The current and proposed measures for reopening will continue to disproportionately impact lower income groups, Black and other racialized groups, recent immigrants to Canada, Indigenous peoples and other populations. And it risks significantly harming our children, particularly the very young, by affecting their development, with life-long consequences in terms of education, skills development, income and overall health.

    Canada must work to minimize the impact of COVID-19 by using measures that are practical, effective and compatible with our values and sense of social justice. We need to focus on preventing deaths and serious illness by protecting the vulnerable while enabling society to function and thrive.

    Elimination of COVID-19 is not a practical objective for Canada until we have a vaccine. While there is hope for a vaccine to be developed soon, we must be realistic about the time it will actually take to develop and evaluate it and then deliver an immunization campaign covering the entire population. We cannot sustain universal control measures indefinitely.

    We need to accept that there will be cases and outbreaks of COVID-19. We need localized control measures that are risk-based. We should consistently reassess quarantine and isolation periods, recommendations for physical distancing and non-medical masks, and travel restrictions based on current best evidence and levels of risk.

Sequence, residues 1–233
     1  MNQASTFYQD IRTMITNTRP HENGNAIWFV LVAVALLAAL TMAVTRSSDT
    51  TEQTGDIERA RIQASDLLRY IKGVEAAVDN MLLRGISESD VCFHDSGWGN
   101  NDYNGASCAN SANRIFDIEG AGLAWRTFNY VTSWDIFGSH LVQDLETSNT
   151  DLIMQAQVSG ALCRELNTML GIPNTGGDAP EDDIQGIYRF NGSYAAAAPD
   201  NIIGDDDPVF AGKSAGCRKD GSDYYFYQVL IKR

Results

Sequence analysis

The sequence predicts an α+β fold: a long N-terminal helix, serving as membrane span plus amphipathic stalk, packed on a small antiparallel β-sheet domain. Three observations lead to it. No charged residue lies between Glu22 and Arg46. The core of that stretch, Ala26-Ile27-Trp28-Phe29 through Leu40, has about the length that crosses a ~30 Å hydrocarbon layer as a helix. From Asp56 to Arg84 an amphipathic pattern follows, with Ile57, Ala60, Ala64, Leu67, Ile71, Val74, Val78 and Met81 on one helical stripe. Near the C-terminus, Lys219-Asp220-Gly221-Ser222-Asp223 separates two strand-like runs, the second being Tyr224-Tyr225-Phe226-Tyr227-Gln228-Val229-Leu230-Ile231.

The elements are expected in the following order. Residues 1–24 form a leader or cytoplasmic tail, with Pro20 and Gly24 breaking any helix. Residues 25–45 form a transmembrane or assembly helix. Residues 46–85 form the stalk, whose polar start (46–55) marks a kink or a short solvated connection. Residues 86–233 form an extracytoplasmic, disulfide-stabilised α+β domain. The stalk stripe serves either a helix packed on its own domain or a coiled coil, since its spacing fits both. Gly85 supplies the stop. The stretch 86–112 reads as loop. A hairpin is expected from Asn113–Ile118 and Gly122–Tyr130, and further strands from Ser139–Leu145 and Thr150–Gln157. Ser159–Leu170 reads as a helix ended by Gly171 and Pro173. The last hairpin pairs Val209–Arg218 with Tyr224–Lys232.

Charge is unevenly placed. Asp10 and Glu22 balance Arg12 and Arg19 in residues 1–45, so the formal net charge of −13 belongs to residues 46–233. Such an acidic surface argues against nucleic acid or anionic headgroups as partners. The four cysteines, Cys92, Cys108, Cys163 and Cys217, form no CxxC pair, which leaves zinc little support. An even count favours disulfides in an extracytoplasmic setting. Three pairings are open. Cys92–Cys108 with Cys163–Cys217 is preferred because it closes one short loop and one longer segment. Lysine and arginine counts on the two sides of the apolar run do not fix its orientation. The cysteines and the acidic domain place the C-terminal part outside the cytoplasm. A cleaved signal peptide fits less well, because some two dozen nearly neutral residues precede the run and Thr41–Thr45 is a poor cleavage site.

At the same time we must improve infection prevention and control in long-term care and congregate living settings. We should provide support for people living in the community who need to or choose to isolate when the disease is active, as well as those who have been adversely affected by COVID-19, or the consequences of the public health measures.

    Canadians have developed a fear of COVID-19. Going forward, they have to be supported in understanding their true level of risk, and learning how to deal with this disease, while getting on with their lives Ė back to work, back to school, and back to healthy lives and vibrant, active communities across this country.

    We acknowledge the heroic work that has been done in recent months by many across all levels of government and the public and private sector, and the sacrifices that Canadians have made to get to this stage. As we look forward, Canada must balance its response to COVID-19.

    Meanwhile, one prominent epidemiologist was highly critical of the letter and its assertion concerning premature mortality, calling it "damaging and unfortunate."

    Dr. David Fisman, an epidemiology professor at the Dalla Lana School of Public Health, told QP Briefing the letter writers "are out of the loop and don't have the standing to speak about mortality," as the only reason deaths under age 50 have been relatively rare is because public health interventions have been successful.

    "I think you can look south of the border and see where the approach they advocate leads," he wrote in an email. "In the U.S., which has had a less aggressive control response, they're at 2.5 Vietnam wars worth of casualties (130,000 deaths) since March," he wrote. "Those deaths occur in all age groups, though mortality takes off sharply after age 50."

    In contrast, Canada is doing relatively well in a difficult global context, with economic and social life reopening as COVID-19 becomes more under control, Fisman said.

    https://www.qpbriefing.com/2020/07/0...alth-measures/